CINCINNATI -- Even at his best, when he is baffling hitters with one of baseball's elite sweeping sliders, Hayden Wesneski is his own toughest critic. The Cubs rookie's lofty personal expectations and constant search for ways to improve played a role in securing a spot in the Opening Day rotation.
Prior to Tuesday's 12-5 win over the Reds, Cubs assistant pitching coach Daniel Moskos laughed when asked if Wesneski has always been that way. Moskos has known the pitcher since the coach's days working in the farm system of the Yankees, who traded Wesneski to Chicago last summer.
Whether it's a game or a bullpen session, Wesneski holds himself to a high standard.
"Oh yeah, always," Moskos said. "I can't tell you how many bullpens I've been together with him, and I have yet to hear him come away saying, 'That was a really good 'pen today.' Even though we'll be standing back there and be like, 'Wow.'"
Wesneski, Chicago's No. 5 prospect, will have plenty to pore over in the self-assessment of his season debut, in which he was pulled after 4 2/3 innings. The right-hander struck out four and allowed three runs -- two came via solo homers -- on six hits and two walks.
There were positives for Wesneski in an outing in which he was admittedly "amped" to get his season rolling. He touched 98 mph with his fastball and generated nine whiffs. And given the amount of traffic he dealt with on the basepaths, Wesneski limited the potential damage.
A flurry of late offense -- the North Siders churned out 11 runs in the final four innings -- helped him escape with a no-decision.
"I'm not happy with it," Wesneski said. "But I'm not upset with what happened. I threw a bunch of strikes. I gave our team a chance. It didn't go as planned, but I mean they're swinging it well. I'm glad I threw a bunch of strikes and I'm glad we got the win."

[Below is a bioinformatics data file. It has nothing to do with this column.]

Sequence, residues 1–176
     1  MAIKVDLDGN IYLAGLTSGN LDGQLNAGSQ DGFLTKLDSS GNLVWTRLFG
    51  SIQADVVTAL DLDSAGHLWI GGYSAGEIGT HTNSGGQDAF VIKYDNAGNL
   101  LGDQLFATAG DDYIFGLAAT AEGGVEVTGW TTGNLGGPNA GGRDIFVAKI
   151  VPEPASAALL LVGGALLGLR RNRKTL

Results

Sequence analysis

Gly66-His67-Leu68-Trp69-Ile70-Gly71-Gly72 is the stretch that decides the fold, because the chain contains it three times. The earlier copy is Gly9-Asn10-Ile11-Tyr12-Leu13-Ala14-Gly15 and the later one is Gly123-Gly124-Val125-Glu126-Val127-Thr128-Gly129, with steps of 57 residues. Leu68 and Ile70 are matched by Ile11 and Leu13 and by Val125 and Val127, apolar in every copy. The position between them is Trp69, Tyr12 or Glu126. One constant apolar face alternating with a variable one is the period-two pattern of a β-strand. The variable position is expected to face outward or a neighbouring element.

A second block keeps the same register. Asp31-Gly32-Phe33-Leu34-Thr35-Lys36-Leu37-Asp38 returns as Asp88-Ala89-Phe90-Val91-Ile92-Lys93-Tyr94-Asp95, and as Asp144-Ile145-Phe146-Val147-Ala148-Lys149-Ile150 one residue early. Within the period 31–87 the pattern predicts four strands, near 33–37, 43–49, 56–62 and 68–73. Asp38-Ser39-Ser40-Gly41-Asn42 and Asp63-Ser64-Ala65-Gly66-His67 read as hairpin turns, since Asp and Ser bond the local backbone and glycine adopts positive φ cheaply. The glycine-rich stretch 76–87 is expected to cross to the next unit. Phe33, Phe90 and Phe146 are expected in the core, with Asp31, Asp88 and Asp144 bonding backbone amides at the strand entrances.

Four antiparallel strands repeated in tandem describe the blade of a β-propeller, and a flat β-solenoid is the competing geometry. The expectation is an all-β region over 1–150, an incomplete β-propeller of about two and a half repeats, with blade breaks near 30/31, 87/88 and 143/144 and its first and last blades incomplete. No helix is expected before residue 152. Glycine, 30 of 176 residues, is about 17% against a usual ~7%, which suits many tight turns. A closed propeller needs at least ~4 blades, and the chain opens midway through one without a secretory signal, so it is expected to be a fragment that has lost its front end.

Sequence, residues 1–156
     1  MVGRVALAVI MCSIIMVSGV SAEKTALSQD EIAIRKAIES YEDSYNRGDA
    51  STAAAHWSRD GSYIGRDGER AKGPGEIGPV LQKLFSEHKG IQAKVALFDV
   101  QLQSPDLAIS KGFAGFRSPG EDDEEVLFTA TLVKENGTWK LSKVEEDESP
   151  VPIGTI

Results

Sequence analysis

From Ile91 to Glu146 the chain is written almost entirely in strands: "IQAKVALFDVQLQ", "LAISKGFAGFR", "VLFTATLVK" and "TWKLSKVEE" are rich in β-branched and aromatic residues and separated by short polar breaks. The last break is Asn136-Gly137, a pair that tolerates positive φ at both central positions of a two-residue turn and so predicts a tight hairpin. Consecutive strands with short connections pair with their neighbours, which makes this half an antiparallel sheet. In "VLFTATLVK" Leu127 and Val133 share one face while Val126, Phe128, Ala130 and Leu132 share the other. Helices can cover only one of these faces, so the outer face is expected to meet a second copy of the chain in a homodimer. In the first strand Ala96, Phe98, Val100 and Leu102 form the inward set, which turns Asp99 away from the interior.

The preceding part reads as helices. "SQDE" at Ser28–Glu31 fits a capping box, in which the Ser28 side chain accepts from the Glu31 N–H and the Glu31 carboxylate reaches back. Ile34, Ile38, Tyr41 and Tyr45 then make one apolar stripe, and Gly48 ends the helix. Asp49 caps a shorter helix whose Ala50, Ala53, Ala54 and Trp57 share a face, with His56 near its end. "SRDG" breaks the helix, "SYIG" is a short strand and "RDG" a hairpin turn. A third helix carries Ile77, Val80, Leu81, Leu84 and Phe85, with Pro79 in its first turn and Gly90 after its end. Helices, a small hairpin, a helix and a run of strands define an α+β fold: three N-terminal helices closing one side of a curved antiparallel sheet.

The Cubs acquired the 25-year-old Wesneski at the Trade Deadline last year for reliever Scott Effross. Down the stretch with the Cubs, the righty fashioned a 2.18 ERA with 33 strikeouts in 33 innings. This spring, Wesneski backed that up with a 2.12 ERA and 22 strikeouts in 17 frames.
That combination of performance, coupled with the way Wesneski handles himself behind the scenes, convinced the Cubs to name him the No. 5 starter with veteran Kyle Hendricks (right shoulder) on the injured list. Wesneski is young in age and experience, but he has a veteran presence about him, both in how he thinks about pitching and the confidence he displays.
"He's been really impressive," Cubs president of baseball operations Jed Hoyer said. "He seems unbelievably comfortable -- in a good way. He's talking to all the veteran pitchers. Everything about the way he carries himself is that he belongs in the rotation and he belongs to the big leagues."
Moskos said the next step for Wesneski to keep unlocking his potential is to continue to improve with his pitch sequencing. The rookie has already made great strides in that process, which began in earnest during his time at Double-A Somerset in 2021.
That summer, Wesneski arrived in Somerset -- where Moskos was the pitching coach -- after posting a 1.49 ERA in seven outings at the High-A level. Then, Wesneski struggled to the tune of a 7.01 ERA in his first seven appearances at Double-A.
"It was a very big learning curve for him," Moskos said. "He started to realize, like, 'OK, I've got to pick better times to use things.' He got roughed up a little bit, and then he really started dedicating himself on that preparation side."
Moskos recalls how Wesneski started to sit next to him in the dugout, charting pitches and asking the pitching coach about certain in-game sequence decisions by other arms. The information gathered in those conversations helped Wesneski turn a corner. He went 7-0 with a 1.86 ERA in his final eight turns at Double-A before a promotion to Triple-A Scranton/Wilkes-Barre.
"That's when you started really to see the dots being connected," Moskos said, "and [seeing] him start to really take off on that front."
Wesneski continued to carry that into '22, when he reached the big leagues and opened eyes over the final month of the season. The Cubs are counting on the young pitcher to keep making strides this season.
This outing was just the first step in this next phase of Wesneski's development.
"He'll be better," Cubs manager David Ross said. "Probably not his best -- he'll probably tell you that. But it's a nice 'W.'"